I was looking for a PHP SMTP email class and stumbled across this PHP email class by Manuel Lemos. PHPclasses.org is rapidly becoming my first port of call when I'm looking for a class to fill some general function in my code. Of all the scripting sites out there, and there are hundreds, this is possibly one of the few that I would recommend to people.

One of the reasons that I liked the script was the debugging feature that showed the server responses as they happened. I've been busy setting up firewalls, SMTP relays, and IIS (hate hate hate) so it was useful to be able to get debug info from my client software.

In any case the class worked flawlessly first time, it's free to use, and my client is happy.

19 January 2010

Squid proxy server

My job title is "PHP developer" but because I'm the only person in the office familiar with Linux I get roped into administering the LAMP stack and other systems roles.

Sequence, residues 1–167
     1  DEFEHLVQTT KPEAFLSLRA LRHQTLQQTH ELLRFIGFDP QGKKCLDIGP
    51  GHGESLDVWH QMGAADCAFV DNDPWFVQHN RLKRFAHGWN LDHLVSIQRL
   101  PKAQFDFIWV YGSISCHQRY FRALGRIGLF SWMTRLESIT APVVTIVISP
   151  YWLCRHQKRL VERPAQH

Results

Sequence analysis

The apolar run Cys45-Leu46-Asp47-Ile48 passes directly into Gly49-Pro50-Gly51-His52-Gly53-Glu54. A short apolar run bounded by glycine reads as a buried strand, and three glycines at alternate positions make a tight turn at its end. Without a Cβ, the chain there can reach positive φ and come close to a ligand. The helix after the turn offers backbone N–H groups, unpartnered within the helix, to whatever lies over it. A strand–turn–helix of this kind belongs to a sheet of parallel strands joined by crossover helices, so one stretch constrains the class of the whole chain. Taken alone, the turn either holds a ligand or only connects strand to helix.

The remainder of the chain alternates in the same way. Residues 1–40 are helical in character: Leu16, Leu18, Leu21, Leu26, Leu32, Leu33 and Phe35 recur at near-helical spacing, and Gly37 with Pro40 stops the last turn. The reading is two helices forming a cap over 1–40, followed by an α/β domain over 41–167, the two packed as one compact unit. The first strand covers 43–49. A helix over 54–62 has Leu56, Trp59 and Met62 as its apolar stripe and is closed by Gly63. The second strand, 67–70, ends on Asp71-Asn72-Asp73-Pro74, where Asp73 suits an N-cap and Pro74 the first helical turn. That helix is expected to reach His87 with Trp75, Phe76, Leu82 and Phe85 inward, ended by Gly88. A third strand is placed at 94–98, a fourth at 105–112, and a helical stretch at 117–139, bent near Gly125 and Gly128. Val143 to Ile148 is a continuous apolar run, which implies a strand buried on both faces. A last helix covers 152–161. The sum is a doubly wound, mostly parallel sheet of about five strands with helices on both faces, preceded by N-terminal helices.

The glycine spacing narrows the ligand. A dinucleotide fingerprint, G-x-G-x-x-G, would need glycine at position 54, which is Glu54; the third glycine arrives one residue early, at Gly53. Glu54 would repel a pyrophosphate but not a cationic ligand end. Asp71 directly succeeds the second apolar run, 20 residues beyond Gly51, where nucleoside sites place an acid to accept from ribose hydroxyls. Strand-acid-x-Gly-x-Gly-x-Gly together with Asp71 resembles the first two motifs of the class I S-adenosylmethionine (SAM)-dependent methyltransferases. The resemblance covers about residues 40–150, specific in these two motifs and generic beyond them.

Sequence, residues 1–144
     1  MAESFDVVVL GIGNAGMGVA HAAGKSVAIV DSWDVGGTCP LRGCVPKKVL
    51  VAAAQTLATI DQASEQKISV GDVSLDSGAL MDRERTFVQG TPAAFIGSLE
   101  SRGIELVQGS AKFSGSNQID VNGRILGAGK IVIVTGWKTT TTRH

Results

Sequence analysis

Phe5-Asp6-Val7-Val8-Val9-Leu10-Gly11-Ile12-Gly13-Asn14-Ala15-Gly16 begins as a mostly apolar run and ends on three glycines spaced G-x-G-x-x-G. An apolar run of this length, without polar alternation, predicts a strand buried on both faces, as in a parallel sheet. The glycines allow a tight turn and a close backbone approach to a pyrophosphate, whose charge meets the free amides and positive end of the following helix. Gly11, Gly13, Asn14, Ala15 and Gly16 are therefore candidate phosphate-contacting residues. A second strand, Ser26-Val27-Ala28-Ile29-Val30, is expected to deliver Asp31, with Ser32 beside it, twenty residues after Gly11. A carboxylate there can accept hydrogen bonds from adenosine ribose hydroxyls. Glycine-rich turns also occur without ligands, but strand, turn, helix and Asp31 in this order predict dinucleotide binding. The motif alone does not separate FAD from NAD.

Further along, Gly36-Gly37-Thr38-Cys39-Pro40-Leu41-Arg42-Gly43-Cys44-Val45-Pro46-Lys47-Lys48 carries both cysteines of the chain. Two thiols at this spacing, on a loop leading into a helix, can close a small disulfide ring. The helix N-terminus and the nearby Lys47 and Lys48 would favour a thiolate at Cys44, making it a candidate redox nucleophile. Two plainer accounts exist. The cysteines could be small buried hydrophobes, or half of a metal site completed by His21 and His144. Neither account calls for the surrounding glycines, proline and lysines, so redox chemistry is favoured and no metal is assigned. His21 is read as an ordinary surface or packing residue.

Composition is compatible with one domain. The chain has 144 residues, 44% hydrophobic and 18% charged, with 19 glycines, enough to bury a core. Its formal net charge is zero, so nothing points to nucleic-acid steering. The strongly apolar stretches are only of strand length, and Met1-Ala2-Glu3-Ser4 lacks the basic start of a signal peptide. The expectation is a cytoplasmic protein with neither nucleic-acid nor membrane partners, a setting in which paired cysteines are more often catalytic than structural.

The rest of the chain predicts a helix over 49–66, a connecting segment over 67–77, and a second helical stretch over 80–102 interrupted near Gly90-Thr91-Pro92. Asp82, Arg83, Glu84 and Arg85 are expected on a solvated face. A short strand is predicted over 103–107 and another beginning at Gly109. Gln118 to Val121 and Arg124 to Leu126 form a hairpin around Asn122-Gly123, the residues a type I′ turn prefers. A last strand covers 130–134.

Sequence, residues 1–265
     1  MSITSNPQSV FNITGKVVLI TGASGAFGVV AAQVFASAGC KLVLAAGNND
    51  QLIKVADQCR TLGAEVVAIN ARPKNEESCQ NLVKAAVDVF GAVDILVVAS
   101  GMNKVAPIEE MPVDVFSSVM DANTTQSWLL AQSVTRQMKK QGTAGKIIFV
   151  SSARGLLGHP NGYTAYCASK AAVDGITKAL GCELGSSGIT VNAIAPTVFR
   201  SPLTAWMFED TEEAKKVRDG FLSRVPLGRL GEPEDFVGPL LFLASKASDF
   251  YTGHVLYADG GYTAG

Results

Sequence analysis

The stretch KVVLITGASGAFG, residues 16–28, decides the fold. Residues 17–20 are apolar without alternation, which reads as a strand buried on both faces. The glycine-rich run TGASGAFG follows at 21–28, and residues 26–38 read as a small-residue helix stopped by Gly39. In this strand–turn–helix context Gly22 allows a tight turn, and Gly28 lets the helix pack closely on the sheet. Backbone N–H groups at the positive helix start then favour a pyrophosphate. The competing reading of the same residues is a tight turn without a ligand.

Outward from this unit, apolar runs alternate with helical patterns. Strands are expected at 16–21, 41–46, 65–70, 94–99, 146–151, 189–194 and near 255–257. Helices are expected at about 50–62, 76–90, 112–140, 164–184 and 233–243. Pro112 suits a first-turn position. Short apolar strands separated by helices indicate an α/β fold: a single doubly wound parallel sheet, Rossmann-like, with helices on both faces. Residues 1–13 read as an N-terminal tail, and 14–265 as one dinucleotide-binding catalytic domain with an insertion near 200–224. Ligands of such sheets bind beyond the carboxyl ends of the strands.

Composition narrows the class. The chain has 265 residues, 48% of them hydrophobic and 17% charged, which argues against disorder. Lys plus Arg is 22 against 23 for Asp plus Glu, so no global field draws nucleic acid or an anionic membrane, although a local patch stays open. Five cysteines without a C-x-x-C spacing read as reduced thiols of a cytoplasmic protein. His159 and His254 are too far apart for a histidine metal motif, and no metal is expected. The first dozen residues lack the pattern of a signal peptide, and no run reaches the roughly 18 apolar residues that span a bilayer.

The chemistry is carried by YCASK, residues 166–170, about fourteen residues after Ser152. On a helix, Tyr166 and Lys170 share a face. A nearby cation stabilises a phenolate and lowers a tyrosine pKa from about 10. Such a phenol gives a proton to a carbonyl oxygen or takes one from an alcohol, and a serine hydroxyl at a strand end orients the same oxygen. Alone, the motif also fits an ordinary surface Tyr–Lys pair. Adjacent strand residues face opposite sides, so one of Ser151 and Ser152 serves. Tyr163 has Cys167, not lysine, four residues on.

Yesterday I was asked to investigate methods of monitoring individual bandwidth use. I've installed Squid proxy server so that all traffic is getting routed through my pet Linux box that I keep spare just for such occasions.

Right, now I'm asked to install software to filter out sites not related to work (like OkCupid... uhoh). So I find a program that slots into Squid and install it.

Bang! Facebook and all other sites mysteriously get replaced with a kitten (from icanhazcheeseburger.com) chewing network cables captioned as "Ohnoes!!!1 kitty is eating my megahurtz!". Putting me in charge results in silliness. I hope they do it less often.

Anyway, despite my best efforts to make the access denied picture cute and adorable my users still hate me. It's tough being a webslave.